Long earns Eagle Scout

Published 10:09 pm Friday, May 4, 2018

Nolan Long of Troop 16 was awarded the rank of Eagle Scout on April 8 in a ceremony held at Ebenezer United Methodist Church in Eclipse.

Nolan Long was awarded the rank of Eagle Scout last month. (Submitted Photo)

The guest speakers at the ceremony were Assistant Scoutmaster Jeff Ward and Chief Emeritus Earl Bass of the Nansemond Indian Tribe. Many of Troop 16’s Eagle Scouts were also in attendance. During the ceremony, Nolan was recognized for his many accomplishments and dedication to Scouting.

Ward spoke on Long’s history in Scouting — beginning in the first grade as a Tiger in Pack 89 and leading all the way to Eagle Scout with Troop 16. Ward was chosen to speak as he has played an integral part in Nolan reaching the rank of Eagle Scout. During Long’s time with the troop, he earned 50 merit badges and had the opportunity to attend many camping trips, such as whitewater rafting, National Jamboree and, most recently, Sea Base in the Florida Keys. Nolan has held the positions of patrol leader, assistant patrol leader, quartermaster, historian, and Order of the Arrow troop representative.


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Chief Emeritus Earl Bass spoke about Nolan’s Eagle project, which was construction of an Indian chief longhouse and storage enclosure at Mattanock Town. Mattanock Town is located along the Nansemond River and owned by the Nansemond Indian Tribe. The completion of Nolan’s project marked another addition by Troop 16 to the ongoing construction of the authentic village. Bass spoke of the work completed at Mattanock Town with great pride. Nolan worked with and learned from the living members of the Nansemond Tribe, who are direct descendants of the original tribe that lived on Suffolk’s Nansemond River in the early 1600s.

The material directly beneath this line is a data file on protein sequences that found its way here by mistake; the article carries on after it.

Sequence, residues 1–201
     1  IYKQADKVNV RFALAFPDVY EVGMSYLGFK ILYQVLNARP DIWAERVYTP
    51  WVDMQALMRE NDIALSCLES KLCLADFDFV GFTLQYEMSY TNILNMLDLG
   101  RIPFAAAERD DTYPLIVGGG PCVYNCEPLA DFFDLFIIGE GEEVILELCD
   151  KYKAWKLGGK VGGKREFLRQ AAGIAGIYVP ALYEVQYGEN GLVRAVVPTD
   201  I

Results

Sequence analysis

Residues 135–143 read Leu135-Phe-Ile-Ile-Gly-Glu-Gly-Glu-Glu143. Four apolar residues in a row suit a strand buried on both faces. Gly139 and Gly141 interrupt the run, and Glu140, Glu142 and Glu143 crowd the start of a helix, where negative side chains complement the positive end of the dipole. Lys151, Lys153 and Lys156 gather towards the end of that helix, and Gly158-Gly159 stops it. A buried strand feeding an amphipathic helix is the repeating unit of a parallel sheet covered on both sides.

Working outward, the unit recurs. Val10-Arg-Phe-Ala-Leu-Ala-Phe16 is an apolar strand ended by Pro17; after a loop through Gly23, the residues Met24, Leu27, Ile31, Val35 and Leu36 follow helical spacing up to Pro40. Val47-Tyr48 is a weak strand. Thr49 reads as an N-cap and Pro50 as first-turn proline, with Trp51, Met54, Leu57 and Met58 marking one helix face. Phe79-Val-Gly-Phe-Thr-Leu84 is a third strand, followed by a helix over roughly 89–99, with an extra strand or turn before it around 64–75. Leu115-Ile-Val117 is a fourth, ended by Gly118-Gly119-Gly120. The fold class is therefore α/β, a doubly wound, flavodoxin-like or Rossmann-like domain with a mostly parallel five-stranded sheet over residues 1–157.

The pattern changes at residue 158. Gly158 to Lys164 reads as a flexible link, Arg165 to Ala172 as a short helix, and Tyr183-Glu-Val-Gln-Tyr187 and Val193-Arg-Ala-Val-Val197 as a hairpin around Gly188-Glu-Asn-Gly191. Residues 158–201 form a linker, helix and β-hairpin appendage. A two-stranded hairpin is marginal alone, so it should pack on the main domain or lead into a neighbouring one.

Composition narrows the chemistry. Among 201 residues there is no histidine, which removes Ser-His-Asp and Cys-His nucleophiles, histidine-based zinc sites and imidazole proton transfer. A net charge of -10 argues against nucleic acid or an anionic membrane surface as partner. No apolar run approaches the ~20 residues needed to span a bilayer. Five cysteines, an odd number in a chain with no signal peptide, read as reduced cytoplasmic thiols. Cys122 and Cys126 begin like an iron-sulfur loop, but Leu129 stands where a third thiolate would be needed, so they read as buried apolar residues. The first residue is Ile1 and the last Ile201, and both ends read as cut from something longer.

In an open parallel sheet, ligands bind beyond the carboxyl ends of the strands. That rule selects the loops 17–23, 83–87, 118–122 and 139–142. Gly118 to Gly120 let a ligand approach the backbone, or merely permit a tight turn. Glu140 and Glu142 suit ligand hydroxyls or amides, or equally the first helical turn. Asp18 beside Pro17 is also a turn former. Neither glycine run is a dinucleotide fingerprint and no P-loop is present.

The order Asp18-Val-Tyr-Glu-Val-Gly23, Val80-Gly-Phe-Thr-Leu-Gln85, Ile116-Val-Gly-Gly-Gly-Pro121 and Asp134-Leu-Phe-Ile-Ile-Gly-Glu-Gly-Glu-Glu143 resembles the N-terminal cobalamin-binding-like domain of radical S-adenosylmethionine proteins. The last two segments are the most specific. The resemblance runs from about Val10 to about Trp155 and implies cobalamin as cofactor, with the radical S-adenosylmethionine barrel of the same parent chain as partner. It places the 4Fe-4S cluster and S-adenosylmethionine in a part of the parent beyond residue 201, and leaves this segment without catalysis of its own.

Construction of the approximately 26-foot-long, 13-foot-wide and 18-foot-tall longhouse began in April 2016. The project was funded with donations by Suffolk Elks Lodge 685, American Legion Post 88, Suffolk Business Women and others. Supplies for the project included approximately 60 reed mats, 10,000 feet of twine and more than 125 gum tree saplings, along with other supplies. Representatives from the Nansemond Indian Tribe taught Long and others how to shave the skins from the saplings with draw knives to prevent bug infestations and how to bend them into shape for the building’s structure. Construction bridged a few seasons, which meant Long and fellow Scout volunteers braved rain, snow, heat and cold weather to complete the project.